Classification society: Additional class notations: Class notation: Redundancy: Ice class: Ambient conditions: Max. machinery room temperature [° C]: Max. fresh water temperature [° C]: Speed and margins Speed: Ship design speed [kn] : Sea margin [%] : (at maximum propulsion shaft power) Max. sea water temperature [° C]: Max. allowed load of engines [%] : % MCR Propulsion system and power demand Main Propulsion: Shaft propulsion: Single Screw: Single in – single out Tandem Twin in – single out Twin Screw: Two shaft lines 2x Twin in – single out Steerable rudder propellers (= Azimuth thrusters) Pods 22 .

Data for main propulsion: FPP: Number: Max. including sea margin) [kW]: Input speed (= E-motor RPM): Propeller type: Pod: Number: Max. including sea margin) [kW]: E-motor speed [RPM]: Number: Max. shaft power on propulsion E-motor (each. including sea margin) [kW]: Propeller revolution [RPM]: Input speed (= E-motor RPM): Reduction gearbox: Azi. shaft power on propulsion E-motor (per propeller. shaft power on propulsion E-motor (per propeller. thruster: Number: Max. shaft power on propulsion E-motor (per thruster. shaft power on propulsion E-motor (per pod. including sea margin) [kW]: Propeller revolution [RPM]: Input speed (= E-motor RPM): Reduction gearbox: CPP: Number: Max. including sea margin) [kW]: Propeller revolution [RPM]: Input speed (= E-motor RPM): Reduction gearbox: yes no FPP CPP yes no yes no 23 .

including sea margin) [kW]: Input speed (= E-motor RPM): Propeller type: Stern thruster: Number: Max. shaft power on propulsion E-motor (each. shaft power on prolusion E-motor (each. shaft power on propulsion E-motor (each.Data for manoeuvering propulsors: Bow thruster: Number: Max. including sea margin) [kW]: Input speed (= E-motor RPM): Propeller revolution [RPM]: Propeller type: FPP CPP FPP CPP FPP CPP Electrical load balance Max. total electrical power demand at sea: for main propulsion [kW el ]: for vessel´s consumers [kWel ]: Max. including sea margin) [kW]: Input speed (= E-motor RPM): Propeller type: Number: Max. total electrical power demand at manoeuvering: for main propulsion [kW el ]: for manoeuvering propulsors [kW el ]: for vessel´s consumers [kWel ]: 24 .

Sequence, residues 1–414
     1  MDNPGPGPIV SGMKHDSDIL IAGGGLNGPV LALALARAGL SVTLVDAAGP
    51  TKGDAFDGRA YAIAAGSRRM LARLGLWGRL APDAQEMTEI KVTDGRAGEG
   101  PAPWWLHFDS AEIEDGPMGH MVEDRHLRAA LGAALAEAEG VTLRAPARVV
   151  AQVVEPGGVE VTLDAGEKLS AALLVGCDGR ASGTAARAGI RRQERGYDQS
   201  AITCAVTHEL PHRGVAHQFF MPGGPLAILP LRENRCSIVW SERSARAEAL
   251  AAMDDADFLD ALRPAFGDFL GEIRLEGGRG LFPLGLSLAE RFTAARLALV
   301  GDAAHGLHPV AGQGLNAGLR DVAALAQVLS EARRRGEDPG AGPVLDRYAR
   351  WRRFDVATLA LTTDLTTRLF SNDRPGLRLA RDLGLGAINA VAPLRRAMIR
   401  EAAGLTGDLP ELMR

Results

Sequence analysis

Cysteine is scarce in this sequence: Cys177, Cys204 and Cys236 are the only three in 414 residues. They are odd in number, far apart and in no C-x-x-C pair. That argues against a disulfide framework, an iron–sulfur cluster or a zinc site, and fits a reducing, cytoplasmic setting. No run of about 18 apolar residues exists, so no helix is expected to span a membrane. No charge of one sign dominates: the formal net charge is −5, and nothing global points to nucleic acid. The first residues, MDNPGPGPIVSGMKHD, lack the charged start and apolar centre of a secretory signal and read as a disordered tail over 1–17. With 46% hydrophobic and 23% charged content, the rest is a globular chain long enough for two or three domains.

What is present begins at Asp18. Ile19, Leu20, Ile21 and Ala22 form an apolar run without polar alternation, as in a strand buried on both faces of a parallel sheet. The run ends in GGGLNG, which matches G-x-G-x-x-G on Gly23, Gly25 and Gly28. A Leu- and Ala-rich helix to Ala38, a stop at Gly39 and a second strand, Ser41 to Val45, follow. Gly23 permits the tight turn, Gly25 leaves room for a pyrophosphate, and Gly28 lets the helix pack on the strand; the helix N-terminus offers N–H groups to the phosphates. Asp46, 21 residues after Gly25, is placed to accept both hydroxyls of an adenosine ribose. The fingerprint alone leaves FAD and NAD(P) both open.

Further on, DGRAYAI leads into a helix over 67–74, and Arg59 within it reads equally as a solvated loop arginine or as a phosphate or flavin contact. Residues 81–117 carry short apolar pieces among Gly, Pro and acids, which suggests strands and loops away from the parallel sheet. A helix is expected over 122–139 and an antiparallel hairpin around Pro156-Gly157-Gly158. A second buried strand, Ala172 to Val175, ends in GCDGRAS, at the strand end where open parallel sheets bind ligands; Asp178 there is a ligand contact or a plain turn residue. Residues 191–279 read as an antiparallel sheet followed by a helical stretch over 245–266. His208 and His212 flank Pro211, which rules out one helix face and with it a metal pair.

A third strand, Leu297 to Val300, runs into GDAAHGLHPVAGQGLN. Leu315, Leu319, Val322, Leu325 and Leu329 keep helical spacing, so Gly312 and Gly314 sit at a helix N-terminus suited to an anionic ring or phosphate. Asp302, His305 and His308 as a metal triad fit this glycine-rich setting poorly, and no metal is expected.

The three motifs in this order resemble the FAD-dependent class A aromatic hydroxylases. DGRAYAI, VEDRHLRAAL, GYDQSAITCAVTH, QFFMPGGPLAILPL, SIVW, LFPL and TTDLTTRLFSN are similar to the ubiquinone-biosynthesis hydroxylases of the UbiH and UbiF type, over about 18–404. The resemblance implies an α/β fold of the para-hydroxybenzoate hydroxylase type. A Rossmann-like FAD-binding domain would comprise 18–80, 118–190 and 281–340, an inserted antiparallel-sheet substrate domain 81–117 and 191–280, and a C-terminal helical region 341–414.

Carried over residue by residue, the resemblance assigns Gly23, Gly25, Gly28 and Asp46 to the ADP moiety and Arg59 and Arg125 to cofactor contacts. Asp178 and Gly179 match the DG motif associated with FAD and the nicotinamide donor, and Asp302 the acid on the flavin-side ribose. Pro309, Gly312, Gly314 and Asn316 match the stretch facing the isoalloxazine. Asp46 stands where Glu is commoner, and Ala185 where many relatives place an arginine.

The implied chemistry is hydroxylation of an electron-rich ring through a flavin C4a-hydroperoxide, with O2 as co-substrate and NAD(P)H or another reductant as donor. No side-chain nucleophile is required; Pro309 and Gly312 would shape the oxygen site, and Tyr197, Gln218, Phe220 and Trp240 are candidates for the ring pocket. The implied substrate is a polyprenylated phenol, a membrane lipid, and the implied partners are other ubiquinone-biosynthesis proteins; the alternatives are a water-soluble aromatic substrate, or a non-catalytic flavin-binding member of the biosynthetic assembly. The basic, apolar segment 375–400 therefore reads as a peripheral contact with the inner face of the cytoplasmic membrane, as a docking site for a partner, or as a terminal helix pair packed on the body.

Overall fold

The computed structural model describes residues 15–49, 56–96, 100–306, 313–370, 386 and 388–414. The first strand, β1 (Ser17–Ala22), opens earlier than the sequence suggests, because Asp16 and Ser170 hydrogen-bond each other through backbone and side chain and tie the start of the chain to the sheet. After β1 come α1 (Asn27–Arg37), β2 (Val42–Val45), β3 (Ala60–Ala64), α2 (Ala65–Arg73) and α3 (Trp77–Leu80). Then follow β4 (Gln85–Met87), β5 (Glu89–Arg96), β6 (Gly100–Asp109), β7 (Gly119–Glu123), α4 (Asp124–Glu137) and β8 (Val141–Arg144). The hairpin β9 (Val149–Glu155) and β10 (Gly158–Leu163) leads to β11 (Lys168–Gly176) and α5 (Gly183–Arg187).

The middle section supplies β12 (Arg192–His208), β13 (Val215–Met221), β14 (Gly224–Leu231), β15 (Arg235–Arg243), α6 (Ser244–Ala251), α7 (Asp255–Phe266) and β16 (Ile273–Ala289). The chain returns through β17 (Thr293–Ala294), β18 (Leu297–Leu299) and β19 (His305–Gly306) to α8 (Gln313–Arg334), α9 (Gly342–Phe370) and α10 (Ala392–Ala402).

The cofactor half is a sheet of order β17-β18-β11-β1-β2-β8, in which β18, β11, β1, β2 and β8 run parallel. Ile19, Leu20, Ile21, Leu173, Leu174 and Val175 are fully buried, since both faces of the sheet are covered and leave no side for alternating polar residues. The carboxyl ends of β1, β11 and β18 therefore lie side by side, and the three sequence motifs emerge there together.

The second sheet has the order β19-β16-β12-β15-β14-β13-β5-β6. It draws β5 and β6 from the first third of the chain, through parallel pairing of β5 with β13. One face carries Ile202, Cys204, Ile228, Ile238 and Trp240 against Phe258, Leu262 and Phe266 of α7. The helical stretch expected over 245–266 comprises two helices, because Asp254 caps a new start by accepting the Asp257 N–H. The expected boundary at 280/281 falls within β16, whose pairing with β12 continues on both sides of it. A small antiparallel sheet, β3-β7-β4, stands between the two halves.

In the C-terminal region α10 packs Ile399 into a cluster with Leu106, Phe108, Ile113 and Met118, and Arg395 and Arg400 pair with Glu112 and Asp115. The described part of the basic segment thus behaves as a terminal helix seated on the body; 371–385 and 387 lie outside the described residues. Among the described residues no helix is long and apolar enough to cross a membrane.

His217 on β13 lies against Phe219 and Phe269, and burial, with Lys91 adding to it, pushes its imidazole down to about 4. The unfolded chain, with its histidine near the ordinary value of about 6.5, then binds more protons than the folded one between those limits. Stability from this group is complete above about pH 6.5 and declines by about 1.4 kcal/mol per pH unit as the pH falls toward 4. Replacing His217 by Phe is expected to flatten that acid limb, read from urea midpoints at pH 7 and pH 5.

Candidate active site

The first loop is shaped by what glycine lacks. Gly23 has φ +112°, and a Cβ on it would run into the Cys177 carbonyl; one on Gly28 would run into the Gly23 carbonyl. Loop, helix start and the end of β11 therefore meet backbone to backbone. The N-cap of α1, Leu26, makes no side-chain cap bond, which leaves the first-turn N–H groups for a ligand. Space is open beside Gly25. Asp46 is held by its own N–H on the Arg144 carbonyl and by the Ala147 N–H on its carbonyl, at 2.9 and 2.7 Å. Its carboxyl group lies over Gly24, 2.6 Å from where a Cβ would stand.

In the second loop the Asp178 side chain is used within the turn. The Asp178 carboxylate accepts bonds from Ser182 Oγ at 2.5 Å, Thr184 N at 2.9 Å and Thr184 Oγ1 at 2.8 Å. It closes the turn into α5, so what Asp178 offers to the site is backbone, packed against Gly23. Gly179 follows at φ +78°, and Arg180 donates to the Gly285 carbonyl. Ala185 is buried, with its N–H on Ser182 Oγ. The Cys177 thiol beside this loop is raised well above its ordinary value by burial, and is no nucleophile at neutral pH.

3-wire.Max. 3-wire. kW el: Please provide us with a complete E-Load-Balance of the vessel. kW el: . isolated from hull 3-phase. kW el: . kW el: . total electrical power demand at port: for vessel´s consumers [kWel ]: The five biggest electrical consumers of the vessel (apart from main propulsion and maneuvering propulsors): Name: Name: Name: Name: Name: . Electrical system and motors Number of generators: Power per generator [kW el]: Power factor: Revolution of generators [RPM]: Frequency [Hz]: Voltage level of generator and MSB [V]: Voltage levels of sub-switchboards [V]: System grounding of MSB: 3-phase. kW el: . isolated via high-resistive resistor Main propulsion E-motors: Number of winding systems: Speed control: 1 2 variable speed via frequency converter 25 .

bow thrusters): variable speed via frequency converter constant speed (Start via Y/∆-unit) constant speed (Start via Softstarter) Dimensioning of frequency converter and propulsion E-motor E The design of the frequency converters and the torque capability of the propulsion propuls E-motors motors is usually rated in between a constant power range of 90% …100% of the propeller revolution (for a FPP FPP-driven vessel). 26 . vessel if available. over-torque over capability of the E-motor: Single line diagram Please provide us with a complete single line diagram of the vessel.e.Manoeuvering E-motors motors (i. Propeller power [%] Power delivered by the E-motor [%] Propeller RPM [%] Torque capability: Constant power form % to 100% of propeller RPM % Max.

Sign up to vote on this title
UsefulNot useful